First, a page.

Jeremy Hutchison, POSSIBLE YELLOW OBJECTS, 2013. Image courtesy of Willis Newson. Photo © Max McClure


Five steel objects are powder-coated in various shades of yellow. They are manufactured in an unlimited edition and installed throughout a cancer unit. The copyright for these objects is surrendered to the NHS.


Possible Yellow Objects performs a dilemma of the public artwork: the question of function.

This dilemma was manifest in the brief Hutchison received from the project commissioner. It requested ‘Artwork to create a supportive cancer care environment’. According to this commission, the value of the artwork is dictated by its function. However in a traditional sense, art is specifically defined by dysfunction. To fulfil the commission, the artist is obliged to create artwork that is not artwork.

Hutchison’s project embodies this complex tension. Five quasi-functional objects are designed with vertical shelves, dictated by health and safety protocol. Their yellow hues are selected in collaboration with a clinical psychologist, to reinforce mental wellbeing. To this end they meet the terms of the commission. Yet they remain ambivalent: Are they more shelf-like or sculpture-like? More design object or art object?

These objects resist categorisation, and intentionally so. For some, they may function in aesthetic terms. For others, they might offer storage for personal possessions. Ultimately, their meaning exceeds authorial intention. It is continually reconfigured in an ongoing encounter with individual patients.

Possible Yellow Objects performs a dilemma of the public artwork: the question of function.

Possible Yellow Objects is a new commission for the Bristol Haematology and Oncology Center. It was created by Jeremy Hutchison and managed by Willis Newson.

Jeremy Hutchison

Jeremy Hutchison (b. 1979) graduated from the Slade School of Fine Art. Having trained in linguistics and written advertising for Coca-Cola, his work plunges a disruptive logic into the smooth mechanisms of industrial production and consumer ideology. Through the manipulation of manufacturing and commercial modes of production, Jeremy Hutchison engages in what he terms 'rituals of sense- making'. Past projects have included collaborations with employees in factories and supermarkets in Ramallah and Nablus to orchestrating a series of actions. Hutchison creates situations that embrace confusion and propose alternative kinds of logic within commercial environments. In a jeans factory for example Hutchison asked the workers to make jeans that somehow expressed what it was like to be someone making jeans in Nablus. The result was a series of unwearable, awkwardly shaped visual metaphors presented as part of an immersive installation, which questioned the semblance of normality Hutchison experienced during his time spent in the West Bank.In a recent exhibition, Hutchison transformed Paradise Row gallery into the boutique of ERRATUM®, a dysfunctional luxury brand. His work has exhibited internationally, including shows at Saatchi New Sensations, V&A Museum, Zabludowicz Collection, Liste, Grand Union, Z33, Nassauischer Kunstverein Wiesbaden, Tate Britain, and a commission for the Southbank Centre. Earlier this year, he returned from a residency with Delfina Foundation which culminated in a show at London’s ICA in June.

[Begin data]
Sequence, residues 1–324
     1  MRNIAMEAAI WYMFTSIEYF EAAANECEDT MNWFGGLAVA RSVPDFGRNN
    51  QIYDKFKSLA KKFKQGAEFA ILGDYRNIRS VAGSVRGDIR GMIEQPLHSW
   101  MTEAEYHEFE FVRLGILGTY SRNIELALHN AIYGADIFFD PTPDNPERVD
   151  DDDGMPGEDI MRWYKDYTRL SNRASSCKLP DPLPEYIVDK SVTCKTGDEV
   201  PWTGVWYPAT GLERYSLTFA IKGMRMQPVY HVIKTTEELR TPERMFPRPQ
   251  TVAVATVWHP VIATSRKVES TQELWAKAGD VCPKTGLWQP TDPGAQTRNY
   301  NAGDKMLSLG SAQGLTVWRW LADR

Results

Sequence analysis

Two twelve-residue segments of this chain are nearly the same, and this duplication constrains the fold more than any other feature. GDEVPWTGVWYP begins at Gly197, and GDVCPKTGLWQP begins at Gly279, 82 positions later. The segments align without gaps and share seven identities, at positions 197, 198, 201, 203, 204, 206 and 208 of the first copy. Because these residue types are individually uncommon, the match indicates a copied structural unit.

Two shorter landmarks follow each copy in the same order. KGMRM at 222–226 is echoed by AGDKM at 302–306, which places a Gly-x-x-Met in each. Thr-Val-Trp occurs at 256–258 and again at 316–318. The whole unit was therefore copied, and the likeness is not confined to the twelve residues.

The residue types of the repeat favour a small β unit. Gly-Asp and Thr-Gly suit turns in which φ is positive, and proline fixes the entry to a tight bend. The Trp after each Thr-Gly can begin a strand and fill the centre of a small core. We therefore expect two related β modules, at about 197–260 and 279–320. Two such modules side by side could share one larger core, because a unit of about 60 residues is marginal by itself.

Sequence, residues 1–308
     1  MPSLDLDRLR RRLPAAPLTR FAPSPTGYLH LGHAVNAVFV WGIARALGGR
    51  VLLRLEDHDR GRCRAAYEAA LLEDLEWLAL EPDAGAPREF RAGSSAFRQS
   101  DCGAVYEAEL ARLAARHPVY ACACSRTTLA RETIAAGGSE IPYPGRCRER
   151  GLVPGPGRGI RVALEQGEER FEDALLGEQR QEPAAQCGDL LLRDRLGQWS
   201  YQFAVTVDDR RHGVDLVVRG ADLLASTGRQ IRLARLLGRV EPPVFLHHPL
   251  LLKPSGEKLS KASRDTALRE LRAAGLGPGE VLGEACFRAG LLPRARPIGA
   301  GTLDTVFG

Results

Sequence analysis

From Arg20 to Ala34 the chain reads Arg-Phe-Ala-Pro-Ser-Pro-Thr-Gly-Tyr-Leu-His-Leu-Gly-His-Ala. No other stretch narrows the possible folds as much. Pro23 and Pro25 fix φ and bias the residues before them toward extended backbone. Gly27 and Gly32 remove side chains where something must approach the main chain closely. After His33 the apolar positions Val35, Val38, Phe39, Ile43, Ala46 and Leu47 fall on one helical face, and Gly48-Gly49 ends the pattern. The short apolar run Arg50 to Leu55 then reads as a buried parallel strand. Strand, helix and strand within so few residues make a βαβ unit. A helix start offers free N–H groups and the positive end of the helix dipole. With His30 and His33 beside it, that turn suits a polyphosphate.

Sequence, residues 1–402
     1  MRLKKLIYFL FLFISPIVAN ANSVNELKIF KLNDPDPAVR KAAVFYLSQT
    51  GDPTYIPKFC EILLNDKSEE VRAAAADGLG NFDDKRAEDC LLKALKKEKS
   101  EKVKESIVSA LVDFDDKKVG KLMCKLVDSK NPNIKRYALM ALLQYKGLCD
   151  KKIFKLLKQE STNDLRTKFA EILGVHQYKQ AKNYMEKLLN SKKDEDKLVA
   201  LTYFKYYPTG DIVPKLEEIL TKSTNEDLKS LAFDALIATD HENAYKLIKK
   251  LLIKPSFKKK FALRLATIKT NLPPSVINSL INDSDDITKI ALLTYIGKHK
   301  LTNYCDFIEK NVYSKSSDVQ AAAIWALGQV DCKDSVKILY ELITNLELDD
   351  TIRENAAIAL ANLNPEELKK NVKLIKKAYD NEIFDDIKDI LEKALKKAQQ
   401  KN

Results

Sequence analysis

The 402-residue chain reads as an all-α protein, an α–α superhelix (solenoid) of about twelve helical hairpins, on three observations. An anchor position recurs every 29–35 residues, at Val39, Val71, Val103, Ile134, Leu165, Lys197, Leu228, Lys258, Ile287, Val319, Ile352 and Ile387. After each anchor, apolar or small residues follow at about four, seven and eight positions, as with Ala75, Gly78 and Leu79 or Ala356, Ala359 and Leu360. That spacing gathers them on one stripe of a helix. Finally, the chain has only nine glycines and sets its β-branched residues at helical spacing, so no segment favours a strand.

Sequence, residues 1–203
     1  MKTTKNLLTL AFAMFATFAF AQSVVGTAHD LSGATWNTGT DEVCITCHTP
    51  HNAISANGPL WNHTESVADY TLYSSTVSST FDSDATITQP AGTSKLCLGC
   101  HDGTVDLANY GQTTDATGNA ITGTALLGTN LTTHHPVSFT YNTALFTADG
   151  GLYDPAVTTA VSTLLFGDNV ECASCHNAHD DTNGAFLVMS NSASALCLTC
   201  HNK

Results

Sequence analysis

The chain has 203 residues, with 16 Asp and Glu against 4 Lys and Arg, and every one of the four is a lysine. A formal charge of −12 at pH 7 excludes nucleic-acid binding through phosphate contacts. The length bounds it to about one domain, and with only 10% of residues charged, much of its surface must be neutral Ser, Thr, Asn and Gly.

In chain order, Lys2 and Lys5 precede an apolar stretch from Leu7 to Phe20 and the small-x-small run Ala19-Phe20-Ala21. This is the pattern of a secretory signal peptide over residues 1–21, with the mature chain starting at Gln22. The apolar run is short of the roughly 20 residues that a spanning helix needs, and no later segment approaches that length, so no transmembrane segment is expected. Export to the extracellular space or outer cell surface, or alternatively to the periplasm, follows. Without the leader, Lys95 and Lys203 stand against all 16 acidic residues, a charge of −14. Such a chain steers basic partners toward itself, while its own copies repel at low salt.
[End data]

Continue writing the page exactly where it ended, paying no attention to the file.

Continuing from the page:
Willis Newson

Willis Newson is a leading Bristol-based independent arts consultancy specialising in creative approaches to improving health and wellbeing.  It develops public art strategies for new builds and refurbishments, develops and manages public art plans and public engagement programmes, delivers training for artists and performers in healthcare settings and provides advice and guidance on the design and implementation of projects to promote healthy environments and improve health and wellbeing.

  • Commissioner

    University Hospitals Bristol NHS Foundation Trust

  • Produced by

    Willis Newson

  • Partners

    Laing O’Rourke, Coda

  • Supported by

    Above & Beyond Charities